Covid-19: Could a third wave change 21 June plans in England?on June 7, 2021 at 5:05 pm
Rising coronavirus cases have called the planned 21 June relaxing of rules in England into question.
Coronavirus cases have roughly doubled in the space of a week, though numbers remain low compared with earlier in the pandemic. So how significant is this, as the government considers lifting the last set of restrictions in England on 21 June?
It’s difficult to judge what direction the virus is going in from just a few days of data – cases fluctuate and can be skewed by how many tests are being done. But, for the past fortnight at least, there have been growing signs national cases are beginning to rise.
And this relatively small uptick disguises much larger spikes in cases – and some rises in hospital admissions – in certain areas. These include the north-west of England and also large parts of Scotland, although in some of these areas cases are starting to fall again.
As we know from experience, what might look like a small blip can quickly spiral into a big wave if enough people are still susceptible to the virus.
The virus doesn’t have nearly the same opportunity to take off as it did at the start of the winter wave.
Half of all adults in the UK are fully vaccinated and three-quarters have received their first jab and this is rising all the time. But that still leaves millions of people who are vulnerable to catching, spreading and becoming ill from the virus.
The more people who are fully vaccinated, the less chance of the virus spreading and the epidemic taking off again.
There have been two major waves of infection during the UK’s epidemic – in spring 2020 and in the past winter. Although there was the beginning of a resurgence in cases in the autumn, it was contained by a national lockdown in November – resulting in a “bump” in cases rather than a fully-fledged wave.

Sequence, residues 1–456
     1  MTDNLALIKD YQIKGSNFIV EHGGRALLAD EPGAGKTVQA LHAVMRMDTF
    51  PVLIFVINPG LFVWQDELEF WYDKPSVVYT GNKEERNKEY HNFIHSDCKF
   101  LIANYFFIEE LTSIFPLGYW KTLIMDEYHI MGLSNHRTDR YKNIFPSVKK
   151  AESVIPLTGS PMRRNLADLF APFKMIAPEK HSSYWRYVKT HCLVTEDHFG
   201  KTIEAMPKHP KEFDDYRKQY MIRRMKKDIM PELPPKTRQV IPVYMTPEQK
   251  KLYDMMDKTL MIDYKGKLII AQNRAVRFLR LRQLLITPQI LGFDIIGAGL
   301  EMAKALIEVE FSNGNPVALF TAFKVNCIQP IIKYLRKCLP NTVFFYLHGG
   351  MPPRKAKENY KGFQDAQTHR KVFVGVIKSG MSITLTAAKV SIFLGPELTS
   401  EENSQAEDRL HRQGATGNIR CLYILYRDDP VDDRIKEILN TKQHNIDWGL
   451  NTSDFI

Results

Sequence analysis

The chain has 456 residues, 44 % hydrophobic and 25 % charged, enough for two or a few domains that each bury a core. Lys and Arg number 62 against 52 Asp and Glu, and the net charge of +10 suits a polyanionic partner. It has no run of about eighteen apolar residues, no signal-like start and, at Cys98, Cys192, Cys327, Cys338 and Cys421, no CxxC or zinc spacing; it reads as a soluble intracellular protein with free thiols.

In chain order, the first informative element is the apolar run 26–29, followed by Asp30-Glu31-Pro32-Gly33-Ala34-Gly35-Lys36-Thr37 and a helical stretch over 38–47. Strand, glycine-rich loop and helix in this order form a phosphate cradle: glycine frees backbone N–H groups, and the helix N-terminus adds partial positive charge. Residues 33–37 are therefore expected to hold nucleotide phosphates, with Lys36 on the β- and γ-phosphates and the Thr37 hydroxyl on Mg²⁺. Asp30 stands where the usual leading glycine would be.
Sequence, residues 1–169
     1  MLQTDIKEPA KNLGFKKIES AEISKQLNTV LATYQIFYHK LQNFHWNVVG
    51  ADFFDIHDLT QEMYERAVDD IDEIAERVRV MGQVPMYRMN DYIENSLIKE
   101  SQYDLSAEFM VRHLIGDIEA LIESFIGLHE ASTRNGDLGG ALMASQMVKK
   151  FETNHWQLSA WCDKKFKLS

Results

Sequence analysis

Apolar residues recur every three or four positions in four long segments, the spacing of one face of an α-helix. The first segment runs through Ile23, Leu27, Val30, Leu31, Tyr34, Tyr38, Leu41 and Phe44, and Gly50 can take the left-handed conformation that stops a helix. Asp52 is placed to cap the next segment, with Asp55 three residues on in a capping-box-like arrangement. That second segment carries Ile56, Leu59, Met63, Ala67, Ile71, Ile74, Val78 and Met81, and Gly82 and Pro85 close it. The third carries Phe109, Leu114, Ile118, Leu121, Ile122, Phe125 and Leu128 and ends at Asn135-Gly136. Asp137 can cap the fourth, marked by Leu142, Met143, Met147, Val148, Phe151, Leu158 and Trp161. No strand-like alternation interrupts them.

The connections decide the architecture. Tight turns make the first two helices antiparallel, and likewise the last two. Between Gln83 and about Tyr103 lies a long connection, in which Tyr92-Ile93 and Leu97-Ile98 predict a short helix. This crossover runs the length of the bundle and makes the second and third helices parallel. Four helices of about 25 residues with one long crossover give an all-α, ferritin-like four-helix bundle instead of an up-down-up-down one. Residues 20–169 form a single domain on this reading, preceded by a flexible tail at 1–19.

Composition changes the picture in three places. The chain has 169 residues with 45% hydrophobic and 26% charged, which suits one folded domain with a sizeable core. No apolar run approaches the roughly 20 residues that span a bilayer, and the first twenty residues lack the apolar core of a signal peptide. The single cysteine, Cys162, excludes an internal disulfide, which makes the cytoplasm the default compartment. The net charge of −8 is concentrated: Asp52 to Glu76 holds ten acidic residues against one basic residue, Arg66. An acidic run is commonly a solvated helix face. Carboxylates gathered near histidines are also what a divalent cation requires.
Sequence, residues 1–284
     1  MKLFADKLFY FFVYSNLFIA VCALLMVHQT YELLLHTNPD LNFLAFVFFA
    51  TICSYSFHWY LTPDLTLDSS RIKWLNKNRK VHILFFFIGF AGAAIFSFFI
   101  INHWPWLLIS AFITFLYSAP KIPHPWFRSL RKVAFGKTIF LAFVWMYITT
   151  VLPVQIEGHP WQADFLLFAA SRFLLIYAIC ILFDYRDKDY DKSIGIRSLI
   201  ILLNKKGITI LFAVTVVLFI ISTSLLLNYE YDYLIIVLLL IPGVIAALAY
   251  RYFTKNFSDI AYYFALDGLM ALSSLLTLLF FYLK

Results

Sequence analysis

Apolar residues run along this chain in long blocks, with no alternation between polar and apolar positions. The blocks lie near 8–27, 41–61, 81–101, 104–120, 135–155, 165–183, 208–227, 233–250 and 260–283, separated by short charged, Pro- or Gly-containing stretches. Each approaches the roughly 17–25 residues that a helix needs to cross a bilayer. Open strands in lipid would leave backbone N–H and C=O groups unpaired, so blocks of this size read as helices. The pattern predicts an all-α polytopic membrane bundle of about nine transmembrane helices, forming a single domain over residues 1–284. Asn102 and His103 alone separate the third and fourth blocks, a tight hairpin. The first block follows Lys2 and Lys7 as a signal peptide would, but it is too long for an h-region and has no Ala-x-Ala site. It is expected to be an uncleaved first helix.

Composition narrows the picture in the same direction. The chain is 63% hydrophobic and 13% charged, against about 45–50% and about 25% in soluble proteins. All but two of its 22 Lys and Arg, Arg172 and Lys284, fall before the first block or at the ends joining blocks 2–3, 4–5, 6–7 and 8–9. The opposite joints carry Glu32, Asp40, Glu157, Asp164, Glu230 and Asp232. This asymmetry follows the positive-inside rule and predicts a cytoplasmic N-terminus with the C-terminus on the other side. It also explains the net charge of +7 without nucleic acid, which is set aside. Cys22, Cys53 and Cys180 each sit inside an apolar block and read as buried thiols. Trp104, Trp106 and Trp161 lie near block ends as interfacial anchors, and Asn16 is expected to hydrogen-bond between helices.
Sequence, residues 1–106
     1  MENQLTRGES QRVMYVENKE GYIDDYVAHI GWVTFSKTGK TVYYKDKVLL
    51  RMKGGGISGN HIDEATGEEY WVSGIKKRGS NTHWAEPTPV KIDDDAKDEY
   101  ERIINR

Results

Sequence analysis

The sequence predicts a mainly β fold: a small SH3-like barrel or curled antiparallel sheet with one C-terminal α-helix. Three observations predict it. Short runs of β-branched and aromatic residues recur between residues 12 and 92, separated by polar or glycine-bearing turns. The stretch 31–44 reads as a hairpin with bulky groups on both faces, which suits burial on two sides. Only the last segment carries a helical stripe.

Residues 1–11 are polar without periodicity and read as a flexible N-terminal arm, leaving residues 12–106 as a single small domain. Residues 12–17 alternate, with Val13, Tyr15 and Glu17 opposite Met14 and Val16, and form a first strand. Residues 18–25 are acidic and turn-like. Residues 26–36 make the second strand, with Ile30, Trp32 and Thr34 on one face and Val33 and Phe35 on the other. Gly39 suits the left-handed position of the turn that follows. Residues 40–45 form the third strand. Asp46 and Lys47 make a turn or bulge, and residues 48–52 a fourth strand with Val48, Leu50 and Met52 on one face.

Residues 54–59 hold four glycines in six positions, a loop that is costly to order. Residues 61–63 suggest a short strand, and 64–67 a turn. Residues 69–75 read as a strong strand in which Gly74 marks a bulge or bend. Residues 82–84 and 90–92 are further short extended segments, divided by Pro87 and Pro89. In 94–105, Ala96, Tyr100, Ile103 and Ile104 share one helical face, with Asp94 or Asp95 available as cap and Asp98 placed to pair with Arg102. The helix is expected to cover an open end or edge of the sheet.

What we’re seeing now is far from a full-blown wave like the first two. However, the higher cases get, the faster they rise.
Recent data suggests cases might now be doubling every fortnight or possibly even faster.
That’s faster than when the government’s scientific advisers recommended a lockdown in September (although the true number of infections then, was partially disguised by shortages in appointments for testing, meaning infections weren’t being diagnosed.)
But at that point hospital admissions were doubling every fortnight, whereas now they have only just started to tick up nationwide.
This suggests even if cases rise, vaccines are stopping many infections progressing to serious illness.
On Monday 7 June, Health Secretary Matt Hancock said that of 12,383 cases of the so-called Indian or Delta variant, 126 ended up in hospital – and just three of them involved people who had been fully vaccinated.
Experts have expressed concern that hospital admissions are rising again in areas affected by the so-called Indian variant.
The question is whether this rise will continue or level off, and whether it will spill out into other parts of the country where admissions are currently falling.
In some hotspots like Bolton and Bedford, cases already appear to be coming back down. Given it takes time for a case to turn into a hospital admission, we might expect to see those numbers start falling in these areas too.
But at the moment, we’re in a “wait-and-see” phase. Cases have only just started to rise across the UK, so it will take some time before we know how much that leads to a rise in hospital admissions – and if they are concentrated in the unvaccinated population.
Public health leaders in areas like Bolton have said many of their hospital patients were not yet, or had only just become, eligible for the vaccine.
This has led some scientists to call for the 21 June date to be pushed back to allow more people to be fully vaccinated, before allowing unrestricted mixing at weddings and clubs, and inside people’s homes.
Prof Ravi Gupta, at the University of Cambridge, has said the UK is already in the early stages of a third wave of infections, and called for the 21 June ending of restrictions in England to be postponed.
His fears have been echoed by Prof Andrew Hayward, a government scientific adviser, and Prof Christina Pagel, at University College London, who sits on a group which calls itself Independent Sage
But government adviser Sir John Bell, Regius Professor of Medicine at Oxford University, said he was “encouraged” by the numbers, before adding another week’s data was needed before decisions could be made.
Prime Minister Boris Johnson and Matt Hancock have indicated they will wait for more data before making the decision.
The government is due to announce its decision on England’s 21 June easing a week before, on 14 June, so next week’s figures will be crucial.